“Banks need to think about how they align their teams internally,” says Hashim Toussaint of FIS. “It’s about bringing together multi-disciplinary teams that are focused on intimately understanding customer journeys so they can understand every process, identify every pain point and then obsess about making it better.”

This devolution of decision-making in the value stream is essential to work smarter and faster but it often stumbles and can be a big ask for risk-averse institutions. One solution is to embed a risk and compliance person in the team from the beginning, so they are part of the solution rather than being presented with a nearly finished product for them to find fault with at the end of the process.

This kind of operational reset is key if banks are to attract the best talent to deliver the dash-for-digital. “To get this talent in the door, we need to think beyond banking and speak to purpose, outcomes and making a difference in the real world,” says Hashim Toussaint of FIS.


Going direct

The frustrations of trying to keep pace with digital front-runners when your feet are mired in decades-old mainframe systems are among the reasons why some incumbents are deciding to launch their own direct bank offer. Success stories in North America include Jenius Bank, part of the SMBC Group, and Ally Bank, part of Ally Financial, a former General Motors company. In the UK, JP Morgan’s digital spin-off Chase has been building its customer base faster than expected in a crowded market, encouraging further expansion into mainland Europe.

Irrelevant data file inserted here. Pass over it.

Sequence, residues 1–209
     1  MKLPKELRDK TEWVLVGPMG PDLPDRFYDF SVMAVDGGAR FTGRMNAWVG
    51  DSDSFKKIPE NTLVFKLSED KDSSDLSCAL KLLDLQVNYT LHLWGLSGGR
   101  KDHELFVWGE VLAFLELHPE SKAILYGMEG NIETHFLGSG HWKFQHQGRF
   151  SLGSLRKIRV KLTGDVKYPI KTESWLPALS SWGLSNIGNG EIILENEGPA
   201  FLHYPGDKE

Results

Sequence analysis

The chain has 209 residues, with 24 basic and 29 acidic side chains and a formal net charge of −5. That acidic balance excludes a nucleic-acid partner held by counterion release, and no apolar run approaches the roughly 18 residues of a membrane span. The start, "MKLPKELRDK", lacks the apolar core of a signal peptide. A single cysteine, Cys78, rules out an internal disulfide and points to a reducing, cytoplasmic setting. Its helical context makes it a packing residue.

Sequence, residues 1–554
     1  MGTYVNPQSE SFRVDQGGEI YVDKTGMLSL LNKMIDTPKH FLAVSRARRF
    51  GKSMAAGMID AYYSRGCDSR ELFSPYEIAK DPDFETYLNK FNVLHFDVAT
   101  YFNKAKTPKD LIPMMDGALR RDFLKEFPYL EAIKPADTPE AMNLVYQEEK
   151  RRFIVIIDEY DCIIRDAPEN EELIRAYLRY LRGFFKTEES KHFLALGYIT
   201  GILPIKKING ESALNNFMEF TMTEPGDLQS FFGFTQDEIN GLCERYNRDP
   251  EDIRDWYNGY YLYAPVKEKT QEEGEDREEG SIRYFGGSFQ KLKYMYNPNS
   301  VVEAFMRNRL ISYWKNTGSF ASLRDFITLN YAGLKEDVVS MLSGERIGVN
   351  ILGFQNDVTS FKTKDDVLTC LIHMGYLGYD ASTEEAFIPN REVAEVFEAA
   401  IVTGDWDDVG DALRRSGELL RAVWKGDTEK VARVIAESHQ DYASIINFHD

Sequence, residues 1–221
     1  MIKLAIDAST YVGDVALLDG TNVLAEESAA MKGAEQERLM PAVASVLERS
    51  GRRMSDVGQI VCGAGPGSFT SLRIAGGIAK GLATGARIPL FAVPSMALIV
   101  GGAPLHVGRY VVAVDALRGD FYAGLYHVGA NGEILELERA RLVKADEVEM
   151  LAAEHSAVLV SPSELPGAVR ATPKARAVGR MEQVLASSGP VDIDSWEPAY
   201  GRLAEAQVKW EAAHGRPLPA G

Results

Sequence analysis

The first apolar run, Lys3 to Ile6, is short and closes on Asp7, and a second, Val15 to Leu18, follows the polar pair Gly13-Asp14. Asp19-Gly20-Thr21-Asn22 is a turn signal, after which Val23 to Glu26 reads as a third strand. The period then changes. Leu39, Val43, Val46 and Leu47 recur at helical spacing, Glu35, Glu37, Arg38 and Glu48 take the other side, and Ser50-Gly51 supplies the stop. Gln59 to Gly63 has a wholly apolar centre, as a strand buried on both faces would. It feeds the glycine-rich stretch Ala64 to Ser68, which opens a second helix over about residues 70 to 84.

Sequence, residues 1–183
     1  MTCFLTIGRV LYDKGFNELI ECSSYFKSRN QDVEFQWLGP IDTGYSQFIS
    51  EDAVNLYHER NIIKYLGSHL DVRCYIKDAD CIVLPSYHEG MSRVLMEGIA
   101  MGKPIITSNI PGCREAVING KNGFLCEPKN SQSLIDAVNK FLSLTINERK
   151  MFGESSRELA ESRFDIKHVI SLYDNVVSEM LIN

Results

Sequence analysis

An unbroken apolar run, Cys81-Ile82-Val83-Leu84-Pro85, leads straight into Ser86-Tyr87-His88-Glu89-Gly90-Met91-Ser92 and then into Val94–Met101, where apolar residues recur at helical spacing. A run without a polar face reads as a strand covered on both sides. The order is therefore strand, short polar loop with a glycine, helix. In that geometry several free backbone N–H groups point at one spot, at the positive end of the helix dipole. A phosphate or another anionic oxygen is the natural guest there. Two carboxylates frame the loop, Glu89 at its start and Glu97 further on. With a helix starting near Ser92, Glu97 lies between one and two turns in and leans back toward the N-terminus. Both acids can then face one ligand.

Launching a direct bank is a chance for incumbents to start again with a blank piece of paper and design a bank from scratch, using best-in-class digital solutions but drawing on the know-how and financial resources of a legacy bank. It’s an opportunity to refresh the brand, draw in new customers and act as a feeder for the legacy bank.

“Mobile banking is table stakes now if you want to stay in the game”

Rick Foresta, FIS

Rick Foresta SVP, General Manager Modern Banking Platform of FIS says launching a direct bank is a way for incumbents to rapidly level up their CX to match best-inclass digital rivals. “If you are not growing opportunities for customers to bank on their phones, then you’re not going to be competitive,” he says. “Mobile banking is table stakes now if you want to stay in the game.”

Direct banking allows incumbents to hurdle legacy roadblocks so they can keep pace with how customers want to bank. But it also satisfies deeper operational requirements, enabling incumbents to reach new customers unconstrained by geography. “It’s possible to build deposits very rapidly,” says Foresta.

“The potential is huge”

Kriti Anand, Commerce Bank